In which Beeso and the Doc talk Fully Sick Fat Habibs, Jeb(s)!, self-inflating singers, The 90s Revival: Blame The Parents, Nehwoebehem, Beeso's Soho Waco Yolo Fomo, WWOS montage music, rusty pipes, Shaun Goes Forth, Coxonless fours, ADAM WAS RIGHT, timing is everything, Twitter polls, the Doc recycles his cheesy old Blur post, insufferable hipsters, quantity over quality, mega mega white things, the death of Pablo, Blackstar 3.0, dog's breakfast with chips, Statham Of Origin, the Royal Fam loves the D, Netflix and Zero Chill, basement-dwelling nerd-trinket hoarders, and Mehdevil.
On this week's music menu Violent Soho and The Cult roll out new releases, while Beeso promotes Think Tank as the best of Blur's bunch. Next week: Underworld, Yeasayer and the White Stripes's '03 classic Elephant. As always, this and next week's selections are on the BALLS Spotify playlist.
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In a tremendously shambolic After Dark your friends and mine, Beeso and the Doc, get into abusing drugs, production values, disregarding the Beatles, despising the Fauves, Vale Festy Hall, seabin redux, dogs are the best people, Ronseal, sonic youths, therapy?, releasing all the things, grow up Australia, the Kendrick Moratorium (not a Robert Ludlum book), going in to Sin City, bad accents and why you should buy our T-shirts. Then, in a very special all-new After After Dark your correspondents dive into blockbuster music, difficult artists, busking with Dave Graney and having access to ALL THE MUSIC IN THE WORLD. This week we reviewed new albums from Wolfmother and Yuck, and an orchestrally accompanied classic from Portishead live in NYC. Next week: Urthboy, the DMAs and the D4 from 2005. As always, this and next week's selections are on the BALLS Spotify playlist. by Dr Yobbo, probably still drunk.
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In which Beeso and the Doc discuss the BS Report Report, confusion and delay, Welcome to Tairns, America is fukt, flagging interest, forgetting your Bad Dreems, harnessing rawness, fuck boomers, inside baseball, aggressive doo-wop, Munt Chucks, string theory, hip-hop: it's really difficult and let us tell you why at great length, mattress fetishists, the Roar and the cooked, S&M was NFG, shopping by label, Josh Freese finds yet another LA rock band to drum for, and another edition of our award-winning segment Keys To Understanding Kendrick.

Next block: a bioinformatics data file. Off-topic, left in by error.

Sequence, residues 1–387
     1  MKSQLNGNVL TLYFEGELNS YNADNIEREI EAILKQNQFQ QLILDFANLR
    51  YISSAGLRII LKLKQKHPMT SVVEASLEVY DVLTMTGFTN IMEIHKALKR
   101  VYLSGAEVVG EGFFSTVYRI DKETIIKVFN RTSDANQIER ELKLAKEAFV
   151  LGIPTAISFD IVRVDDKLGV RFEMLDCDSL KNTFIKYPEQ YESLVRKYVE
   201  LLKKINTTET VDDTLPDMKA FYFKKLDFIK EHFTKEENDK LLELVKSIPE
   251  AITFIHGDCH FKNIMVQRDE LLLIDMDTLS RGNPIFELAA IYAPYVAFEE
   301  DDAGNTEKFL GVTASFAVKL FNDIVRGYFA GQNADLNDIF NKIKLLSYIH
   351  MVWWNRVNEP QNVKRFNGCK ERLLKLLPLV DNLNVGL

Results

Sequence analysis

In this week's ep we review new Frights, restrung Hilltops and '07-vintage Vasco Era. Next week: Wolfmother, Yuck and Portishead live in NYC. As always, this and next week's selections are on the BALLS Spotify playlist.- by Dr Yobbo
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In which Beeso and Dr Yobbo (still whinging about his manflu) talk Beesoap, pleasurable drives, playing to the crowd, the blame game, peak cock, Very L.A., the Doc can't remember which RHCP album he's talking about, pornographic basslines, skipping practice, Adam is wrong (although he's right about this), headphone lust, Also Very L.A., all that you'd pay good money to leave behind, the Simpsons vs King Wally, Kanye vs Molly vs Lexapro, competitive drug abuse, and getting it right in the orchestras. Album reviews this week were the Jezebels' Synthia, Buckcherry's unironically titled latest Rock 'N' Roll and RHCP's 1991 classic Blood Sugar Sex Magik. Next week we get the Frights, troll boomers from the Hilltops with an orchestra, and crank a recent Australian classic by The Vasco Era. As always, this week and next's tunes are on the BALLS Spotify playlist. by Dr Yobbo